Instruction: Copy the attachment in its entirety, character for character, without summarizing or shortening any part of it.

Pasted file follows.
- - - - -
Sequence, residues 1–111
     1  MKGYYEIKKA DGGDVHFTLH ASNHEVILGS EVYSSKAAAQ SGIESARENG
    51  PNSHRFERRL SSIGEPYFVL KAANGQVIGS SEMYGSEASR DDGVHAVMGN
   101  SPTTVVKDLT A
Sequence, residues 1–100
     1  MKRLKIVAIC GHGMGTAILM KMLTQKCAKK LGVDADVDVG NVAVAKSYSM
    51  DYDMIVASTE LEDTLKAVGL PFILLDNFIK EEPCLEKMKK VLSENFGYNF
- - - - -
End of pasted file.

Sequence, residues 1–111
     1  MKGYYEIKKA DGGDVHFTLH ASNHEVILGS EVYSSKAAAQ SGIESARENG
    51  PNSHRFERRL SSIGEPYFVL KAANGQVIGS SEMYGSEASR DDGVHAVMGN
   101  SPTTVVKDLT A
Sequence, residues 1–100
     1  MKRLKIVAIC GHGMGTAILM KMLTQKCAKK LGVDADVDVG NVAVAKSYSM
    51  DYDMIVASTE LEDTLKAVGL PFILLDNFIK EEPCLEKMKK VLSENFGYNF